Perhaps the beginning of the end...
- From: "Pat Gardiner" <patgardiner@xxxxxxxxxxxxxx>
- Date: Fri, 3 Aug 2007 21:48:54 +0100
Pat's Note: It seems that the RCVS has decided that discretion is the better
part of valour when handing the start date for the PMWS epidemic. Perhaps
they would be kind enough to correct all the other under regulated
hangers-on with more than enough to hide.
You can't run around telling porkies when you have annoyed a retired
shipbroker by threatening his wife. It might take seven years, but we hang
The RCVS correctly state it to be 1999 and specifically link it to England.
Correct. Well done! It was probably a mutation.
I would be even more impressed if they struck a few bent government vets off
Once again, the current virulent form of PMWS (under many names) hit
epidemic proportions in East Anglia in 1999. Before CSF and before FMD.
It actually arrived in the UK in 1998. Work it out.
"There is growing concern internationally about the spread of PMWS,
especially in North America and Asia"
Correct. I expect class actions from the US. Britain lied.
03 August 2007 Royal Veterinary College research to tackle Post-weaning
multi-systemic wasting syndrome
The Royal Veterinary College is contributing to a £11.5m programme to tackle
some of the most harmful and widespread diseases that commonly affect farmed
animals in the UK. Professor Dirk Werling from the Royal Veterinary College
is heading a £2.4m project, funded by the Biotechnology and Biological
Sciences Research Council (BBSRC), the British Pig Executive (BPEX), and two
industrial partners, Pfizer Ltd (UK) and BioBest, to identify why
Post-weaning multi-systemic wasting syndrome (PMWS) occurs and to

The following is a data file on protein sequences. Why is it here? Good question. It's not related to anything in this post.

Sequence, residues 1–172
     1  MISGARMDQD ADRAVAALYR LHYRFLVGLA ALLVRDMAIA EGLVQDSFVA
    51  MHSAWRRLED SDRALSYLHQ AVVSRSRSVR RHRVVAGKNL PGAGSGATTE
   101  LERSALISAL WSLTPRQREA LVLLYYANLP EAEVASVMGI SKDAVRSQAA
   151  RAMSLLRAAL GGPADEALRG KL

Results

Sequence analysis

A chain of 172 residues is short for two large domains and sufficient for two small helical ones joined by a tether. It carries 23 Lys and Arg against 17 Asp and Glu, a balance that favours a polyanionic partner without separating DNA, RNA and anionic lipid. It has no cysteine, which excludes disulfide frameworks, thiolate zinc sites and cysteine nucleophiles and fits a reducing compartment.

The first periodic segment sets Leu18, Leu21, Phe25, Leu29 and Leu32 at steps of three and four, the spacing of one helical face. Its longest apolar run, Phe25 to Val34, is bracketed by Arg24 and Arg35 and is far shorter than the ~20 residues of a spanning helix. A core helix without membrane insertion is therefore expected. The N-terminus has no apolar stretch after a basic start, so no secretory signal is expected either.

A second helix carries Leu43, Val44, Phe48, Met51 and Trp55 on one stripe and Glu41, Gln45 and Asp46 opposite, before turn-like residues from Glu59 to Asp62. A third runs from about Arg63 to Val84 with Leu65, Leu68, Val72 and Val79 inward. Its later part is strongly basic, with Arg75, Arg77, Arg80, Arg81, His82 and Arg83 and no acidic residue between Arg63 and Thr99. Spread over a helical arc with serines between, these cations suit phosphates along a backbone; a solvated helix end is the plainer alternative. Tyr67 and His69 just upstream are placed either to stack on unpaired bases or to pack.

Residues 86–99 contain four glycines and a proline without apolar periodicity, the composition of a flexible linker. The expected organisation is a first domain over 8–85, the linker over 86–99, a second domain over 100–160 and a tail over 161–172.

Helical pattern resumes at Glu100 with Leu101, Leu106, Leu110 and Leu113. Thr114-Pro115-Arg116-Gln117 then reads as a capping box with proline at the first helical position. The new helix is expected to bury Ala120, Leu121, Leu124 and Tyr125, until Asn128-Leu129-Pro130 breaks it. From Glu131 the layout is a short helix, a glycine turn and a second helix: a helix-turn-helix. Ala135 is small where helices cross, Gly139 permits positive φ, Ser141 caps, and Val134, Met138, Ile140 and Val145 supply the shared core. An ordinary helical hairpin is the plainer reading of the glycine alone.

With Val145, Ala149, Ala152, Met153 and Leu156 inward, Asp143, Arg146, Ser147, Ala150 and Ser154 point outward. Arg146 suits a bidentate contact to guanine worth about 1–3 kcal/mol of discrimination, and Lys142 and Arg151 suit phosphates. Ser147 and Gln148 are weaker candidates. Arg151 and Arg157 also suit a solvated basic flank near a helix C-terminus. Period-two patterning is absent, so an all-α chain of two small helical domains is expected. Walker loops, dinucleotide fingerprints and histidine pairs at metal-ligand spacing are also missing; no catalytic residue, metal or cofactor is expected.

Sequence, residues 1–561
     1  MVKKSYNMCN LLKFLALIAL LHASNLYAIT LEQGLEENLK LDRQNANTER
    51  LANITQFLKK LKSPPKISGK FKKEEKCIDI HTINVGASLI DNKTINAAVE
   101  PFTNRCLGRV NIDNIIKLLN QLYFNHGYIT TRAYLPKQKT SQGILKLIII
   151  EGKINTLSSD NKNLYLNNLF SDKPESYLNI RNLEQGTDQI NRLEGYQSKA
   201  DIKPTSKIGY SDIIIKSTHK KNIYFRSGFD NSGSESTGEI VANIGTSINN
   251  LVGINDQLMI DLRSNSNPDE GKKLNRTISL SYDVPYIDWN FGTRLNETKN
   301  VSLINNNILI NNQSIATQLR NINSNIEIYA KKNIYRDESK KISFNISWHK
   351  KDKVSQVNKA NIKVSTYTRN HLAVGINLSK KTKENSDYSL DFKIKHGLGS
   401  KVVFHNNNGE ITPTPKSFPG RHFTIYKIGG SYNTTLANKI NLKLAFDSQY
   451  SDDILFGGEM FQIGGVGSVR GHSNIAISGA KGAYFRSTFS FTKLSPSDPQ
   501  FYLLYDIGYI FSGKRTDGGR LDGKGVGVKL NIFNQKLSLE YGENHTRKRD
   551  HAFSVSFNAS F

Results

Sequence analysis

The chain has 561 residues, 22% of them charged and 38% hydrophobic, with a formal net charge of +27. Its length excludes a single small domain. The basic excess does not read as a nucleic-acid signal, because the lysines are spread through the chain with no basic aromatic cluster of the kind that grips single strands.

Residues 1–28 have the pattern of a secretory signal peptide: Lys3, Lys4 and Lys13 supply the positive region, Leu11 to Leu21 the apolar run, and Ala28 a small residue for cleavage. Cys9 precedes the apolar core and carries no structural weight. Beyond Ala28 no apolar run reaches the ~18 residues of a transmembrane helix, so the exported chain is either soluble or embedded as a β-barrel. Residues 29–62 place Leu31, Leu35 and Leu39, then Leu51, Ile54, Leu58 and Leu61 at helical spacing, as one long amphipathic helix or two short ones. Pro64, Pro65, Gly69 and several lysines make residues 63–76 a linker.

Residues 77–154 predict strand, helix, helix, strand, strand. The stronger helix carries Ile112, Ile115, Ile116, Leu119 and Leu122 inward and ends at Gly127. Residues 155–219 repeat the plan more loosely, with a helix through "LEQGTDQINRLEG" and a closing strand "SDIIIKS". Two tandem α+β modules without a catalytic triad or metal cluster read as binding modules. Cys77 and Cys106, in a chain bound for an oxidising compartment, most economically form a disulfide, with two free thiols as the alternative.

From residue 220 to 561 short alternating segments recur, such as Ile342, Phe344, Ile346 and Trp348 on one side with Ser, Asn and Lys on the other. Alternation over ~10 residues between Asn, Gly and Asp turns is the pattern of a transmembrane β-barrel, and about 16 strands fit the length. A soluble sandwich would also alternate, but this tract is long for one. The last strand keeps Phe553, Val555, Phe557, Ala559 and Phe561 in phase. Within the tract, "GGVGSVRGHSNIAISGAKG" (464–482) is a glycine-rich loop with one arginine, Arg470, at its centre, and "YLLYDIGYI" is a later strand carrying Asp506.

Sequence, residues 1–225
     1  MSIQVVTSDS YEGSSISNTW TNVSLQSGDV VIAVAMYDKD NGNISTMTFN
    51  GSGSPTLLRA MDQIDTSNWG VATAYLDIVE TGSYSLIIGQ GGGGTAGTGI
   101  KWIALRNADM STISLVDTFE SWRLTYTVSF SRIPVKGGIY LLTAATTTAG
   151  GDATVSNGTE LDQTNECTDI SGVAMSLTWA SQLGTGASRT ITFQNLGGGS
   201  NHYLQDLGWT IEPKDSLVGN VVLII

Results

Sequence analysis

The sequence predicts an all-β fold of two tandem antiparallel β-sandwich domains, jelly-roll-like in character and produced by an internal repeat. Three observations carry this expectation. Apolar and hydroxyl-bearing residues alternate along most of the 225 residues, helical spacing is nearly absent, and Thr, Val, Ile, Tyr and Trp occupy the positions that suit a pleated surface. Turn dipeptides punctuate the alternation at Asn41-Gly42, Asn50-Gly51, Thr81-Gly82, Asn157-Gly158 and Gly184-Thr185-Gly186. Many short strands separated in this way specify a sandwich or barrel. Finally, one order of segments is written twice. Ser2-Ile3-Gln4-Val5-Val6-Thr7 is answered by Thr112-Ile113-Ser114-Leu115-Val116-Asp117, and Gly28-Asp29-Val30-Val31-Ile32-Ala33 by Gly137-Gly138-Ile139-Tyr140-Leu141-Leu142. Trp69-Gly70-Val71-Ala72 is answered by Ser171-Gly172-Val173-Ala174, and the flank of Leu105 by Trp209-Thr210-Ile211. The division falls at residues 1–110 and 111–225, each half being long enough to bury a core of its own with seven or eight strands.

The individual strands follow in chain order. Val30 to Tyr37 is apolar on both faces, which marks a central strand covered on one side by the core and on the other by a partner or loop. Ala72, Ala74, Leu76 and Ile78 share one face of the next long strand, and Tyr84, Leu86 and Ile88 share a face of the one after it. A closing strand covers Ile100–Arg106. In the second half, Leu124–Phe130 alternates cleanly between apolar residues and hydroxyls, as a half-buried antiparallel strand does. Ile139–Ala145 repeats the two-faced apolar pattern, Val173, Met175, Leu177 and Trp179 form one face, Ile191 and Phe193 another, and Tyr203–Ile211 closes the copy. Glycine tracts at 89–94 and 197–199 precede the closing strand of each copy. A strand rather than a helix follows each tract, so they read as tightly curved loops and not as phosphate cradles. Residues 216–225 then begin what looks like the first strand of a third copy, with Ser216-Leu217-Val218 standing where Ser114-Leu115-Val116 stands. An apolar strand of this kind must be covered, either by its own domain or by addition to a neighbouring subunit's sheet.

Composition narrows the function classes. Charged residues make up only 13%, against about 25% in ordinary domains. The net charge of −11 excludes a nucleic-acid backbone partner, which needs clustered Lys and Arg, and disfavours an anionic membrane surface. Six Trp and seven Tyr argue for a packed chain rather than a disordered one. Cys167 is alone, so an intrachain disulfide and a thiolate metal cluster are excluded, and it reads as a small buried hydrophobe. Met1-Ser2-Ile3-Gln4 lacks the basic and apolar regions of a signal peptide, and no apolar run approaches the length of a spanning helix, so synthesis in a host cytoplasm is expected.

potentially develop new methods of controlling the disease.
'This project presents a combined effort of three internationally recognized
teams at the Royal Veterinary College to tackle one of the most important
endemic pig diseases,' said Professor Werling. 'By combining our knowledge
in the areas of epidemiology, immunology and animal husbandry and welfare,
we will gain new insight into how this virus causes this crippling disease.'
PMWS is a common disease of young pigs in the U.K. It is extremely
debilitating, causes considerable suffering and poor welfare, and has a high
mortality of up to 30%. It is estimated that the disease costs the UK
farming industry £30m per year.
Since entering England in 1999, PMWS has spread throughout the UK, reaching
Scotland in 2002. Currently BPEX estimates that approx 6000 units in the UK
were affected with PMWS in 2006, and an estimated 83% of British pig units
were affected in March 2007. There is growing concern internationally about
the spread of PMWS, especially in North America and Asia,
This project comprises a unique interdisciplinary approach to investigate
this endemic disease and will integrate modern scientific techniques from
epidemiology, genetics, microbiology, pathology, molecular immunology and
environmental science to identify why PMWS occurs, leading to new control
British pig farmers will be involved in the project from the start, thereby
guaranteeing that pigs in Britain will be the first to benefit from this
research, while collaboration with a major international pharmaceutical
company will ensure that new veterinary products will be made available to
pig farmers worldwide.
BPEX Director of Pig Industry Development Mark Wilson said: "Tackling PMWS
is of vital importance for the British pig industry because of its
devastating effects. This is an exciting project which could bring valuable
results for improving the health of the national herd."
The project is one of only 10 BBSRC-funded projects in the UK that will
employ cutting-edge bioscience to study endemic diseases. Together, they
will contribute to improved animal health and welfare, as well as reduced
economic losses. The research will generate better scientific understanding
of the behavior and spread of the diseases which can then be used to improve
their management and control.
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